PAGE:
Assessment and data. To ensure that students are mastering what they learn, Farmington now uses short-cycle assessments, developed and delivered by Cognia, in math, reading, and science to track student progress. Teachers supplement assessment data with their own more frequent checks for understanding. Doing so, says Valdez, “has allowed us to drill down, understand student performance, and take action.” Weekly data team meetings in schools are driven around common formative assessments, and teachers take a full day to review data each quarter. “Data is shared between teachers and buildings, and out to the community as well,” says Pierantoni. “There’s an expectation as a parent that every teacher in grades K-8 can tell any family member exactly which standards their kids are or are not mastering.”

School improvement cycles. Within schools, the district has implemented 90-day planning cycles. A school-based leadership team in each building develops annual goals for student achievement and identifies the root causes inhibiting progress. The team meets regularly throughout the year to plan critical actions and desired outcomes, scheduling opportunities to reflect and adjust plans on 30-60-and 90-day cycles.

Leadership development. Cognia’s practices helped inform the creation of more refined mechanisms to support the district’s vision of leadership development, including regularly scheduled check-ins and reviews against the district’s model of leadership competencies. District leaders also have connected these competencies to principal professional development plans and evaluations, and implemented professional learning communities (PLCs) for its principals at different grade levels. The PLCs meet monthly and conduct classroom observations together to refine common understanding of instructional expectations.

Reinforcing common language. Farmington leaders used feedback from Cognia’s systems accreditation review as the impetus to create a single districtwide handbook, replacing the 19 different handbooks formerly created by each school. Doing so helped ensure that attendance and homework expectations were consistent across the district, and reinforced standardized language around disciplinary referrals.

Clarity and a Sense of Purpose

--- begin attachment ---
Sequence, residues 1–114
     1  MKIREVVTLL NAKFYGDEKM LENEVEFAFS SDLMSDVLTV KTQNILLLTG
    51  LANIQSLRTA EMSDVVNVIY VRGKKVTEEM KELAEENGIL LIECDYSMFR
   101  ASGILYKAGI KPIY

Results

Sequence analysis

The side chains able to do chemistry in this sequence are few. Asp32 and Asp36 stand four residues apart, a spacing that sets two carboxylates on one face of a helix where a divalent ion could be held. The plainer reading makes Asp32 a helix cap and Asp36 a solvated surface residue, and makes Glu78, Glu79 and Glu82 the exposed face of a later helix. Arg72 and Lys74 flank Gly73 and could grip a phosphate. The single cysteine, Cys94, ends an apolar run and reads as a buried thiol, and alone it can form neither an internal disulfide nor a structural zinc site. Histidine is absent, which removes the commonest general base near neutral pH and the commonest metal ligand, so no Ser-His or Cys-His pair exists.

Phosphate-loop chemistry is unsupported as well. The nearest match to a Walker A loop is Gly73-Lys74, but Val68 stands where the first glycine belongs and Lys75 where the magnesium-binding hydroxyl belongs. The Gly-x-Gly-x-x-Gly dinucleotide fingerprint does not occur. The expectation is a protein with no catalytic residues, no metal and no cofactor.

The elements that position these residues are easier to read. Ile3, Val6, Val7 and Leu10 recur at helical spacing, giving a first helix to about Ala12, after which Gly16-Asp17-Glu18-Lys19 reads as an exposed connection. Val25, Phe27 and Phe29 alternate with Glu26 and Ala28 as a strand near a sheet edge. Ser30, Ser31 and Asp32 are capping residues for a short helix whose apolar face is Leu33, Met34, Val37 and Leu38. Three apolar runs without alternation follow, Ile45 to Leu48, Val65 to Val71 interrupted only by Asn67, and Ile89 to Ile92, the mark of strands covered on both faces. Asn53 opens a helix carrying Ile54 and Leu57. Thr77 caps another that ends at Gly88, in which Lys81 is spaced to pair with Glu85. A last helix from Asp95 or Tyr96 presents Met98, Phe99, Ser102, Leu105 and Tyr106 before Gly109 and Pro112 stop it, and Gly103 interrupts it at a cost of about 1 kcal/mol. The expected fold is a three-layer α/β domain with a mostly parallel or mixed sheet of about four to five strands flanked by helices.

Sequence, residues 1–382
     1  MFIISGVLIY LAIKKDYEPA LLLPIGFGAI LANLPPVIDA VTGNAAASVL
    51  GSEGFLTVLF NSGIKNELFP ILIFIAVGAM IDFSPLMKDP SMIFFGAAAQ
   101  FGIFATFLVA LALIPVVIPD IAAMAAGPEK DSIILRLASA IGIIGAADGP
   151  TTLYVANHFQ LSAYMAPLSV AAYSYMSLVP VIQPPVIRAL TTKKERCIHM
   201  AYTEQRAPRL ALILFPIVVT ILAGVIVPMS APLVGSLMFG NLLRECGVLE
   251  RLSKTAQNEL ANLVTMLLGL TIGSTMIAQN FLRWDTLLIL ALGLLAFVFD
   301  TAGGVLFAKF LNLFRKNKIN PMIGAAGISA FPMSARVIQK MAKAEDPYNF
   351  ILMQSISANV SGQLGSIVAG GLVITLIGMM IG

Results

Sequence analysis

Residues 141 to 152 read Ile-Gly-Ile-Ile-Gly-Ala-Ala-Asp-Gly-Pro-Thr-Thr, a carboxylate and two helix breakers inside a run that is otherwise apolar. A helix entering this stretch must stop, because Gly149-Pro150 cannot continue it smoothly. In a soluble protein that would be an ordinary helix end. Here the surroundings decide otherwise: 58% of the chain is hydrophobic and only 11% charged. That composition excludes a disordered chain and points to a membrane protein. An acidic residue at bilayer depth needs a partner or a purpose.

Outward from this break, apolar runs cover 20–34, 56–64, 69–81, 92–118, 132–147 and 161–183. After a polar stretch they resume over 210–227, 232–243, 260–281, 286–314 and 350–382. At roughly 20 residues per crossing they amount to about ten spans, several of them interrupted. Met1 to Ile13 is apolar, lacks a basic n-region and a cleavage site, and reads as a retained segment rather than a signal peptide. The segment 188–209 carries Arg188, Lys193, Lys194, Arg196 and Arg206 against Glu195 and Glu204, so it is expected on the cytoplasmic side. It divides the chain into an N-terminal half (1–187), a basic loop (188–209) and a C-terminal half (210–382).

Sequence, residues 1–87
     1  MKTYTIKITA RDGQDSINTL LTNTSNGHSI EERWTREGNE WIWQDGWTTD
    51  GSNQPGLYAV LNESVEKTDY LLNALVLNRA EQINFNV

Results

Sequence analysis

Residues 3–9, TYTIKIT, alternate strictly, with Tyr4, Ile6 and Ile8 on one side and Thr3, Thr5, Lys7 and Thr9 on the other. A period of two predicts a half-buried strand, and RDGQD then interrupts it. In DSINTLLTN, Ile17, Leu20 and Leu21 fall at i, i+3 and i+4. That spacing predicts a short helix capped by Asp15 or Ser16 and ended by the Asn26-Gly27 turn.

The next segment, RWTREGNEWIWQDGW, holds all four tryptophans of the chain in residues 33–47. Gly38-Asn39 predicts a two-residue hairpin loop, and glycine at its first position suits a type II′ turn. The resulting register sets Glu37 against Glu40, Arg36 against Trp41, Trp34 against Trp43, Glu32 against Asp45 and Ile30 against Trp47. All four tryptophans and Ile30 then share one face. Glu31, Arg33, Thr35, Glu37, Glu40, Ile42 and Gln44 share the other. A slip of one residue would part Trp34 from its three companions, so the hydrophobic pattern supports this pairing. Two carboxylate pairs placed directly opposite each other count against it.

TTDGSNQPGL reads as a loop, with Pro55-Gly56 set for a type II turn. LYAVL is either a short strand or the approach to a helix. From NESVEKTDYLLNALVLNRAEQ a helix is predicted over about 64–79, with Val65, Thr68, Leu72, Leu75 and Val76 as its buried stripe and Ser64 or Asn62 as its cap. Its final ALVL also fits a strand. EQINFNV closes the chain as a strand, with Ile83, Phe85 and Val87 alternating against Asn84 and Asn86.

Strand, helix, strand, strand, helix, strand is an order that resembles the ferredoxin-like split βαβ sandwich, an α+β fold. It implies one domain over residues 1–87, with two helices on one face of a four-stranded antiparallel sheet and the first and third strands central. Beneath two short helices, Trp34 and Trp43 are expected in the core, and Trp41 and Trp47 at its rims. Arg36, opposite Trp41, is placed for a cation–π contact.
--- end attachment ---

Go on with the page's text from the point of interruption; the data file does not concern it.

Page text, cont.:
Together, these systems reinforce the district’s longstanding vision of instruction and school leadership and help the district take a longer-term view of instructional improvement, to the benefit of students.

“The continuous improvement model is not new in education, and it’s not new to people in our district,” says Pierantoni. “What is fresh in Farmington is the consistency with which we’ve strengthened our systems instead of looking for a silver bullet each year.”

Notable school accomplishments:

  • In 2016, the district’s Northeast Elementary School was named a National Title I Distinguished School for its efforts to close the achievement gap.
  • In fall 2019, Ladera Del Norte Elementary School was named a National Blue Ribbon School, the only school in the state—and only one of 41 nationwide—recognized for its work closing achievement gaps.
  • Growth in district proficiency levels and graduation rates:

Over the past four years, the percentage of students proficient in English Language Arts increased from 26 to 43 percent, while the percentage of those proficient in math rose from 17 to 23 percent.

  • In March 2019 leaders learned that high school graduation rates exceeded statewide averages.
  • Graduation rate  increased from  66 percent in 2011 to just under 75 percent in 2018, the last year for which data was available.
  • The district also is closing achievement gaps more quickly than comparable districts in the state.

Looking ahead, Farmington is updating its strategic plan, incorporating the continuous improvement 90-day planning cycle to create “a more robust” process, says Pierantoni.

“Farmington has been here for 107 years, but through the commitments over the last decade and the lens of Cognia, we have increased organizational clarity and our sense of purpose.  As a result we are seeing demonstrative growth in student achievement.”


Mark Toner
Mark Toner is a Washington, D.C.-based  writer and editor. He has covered education and technology for a wide range of trade and industry publications.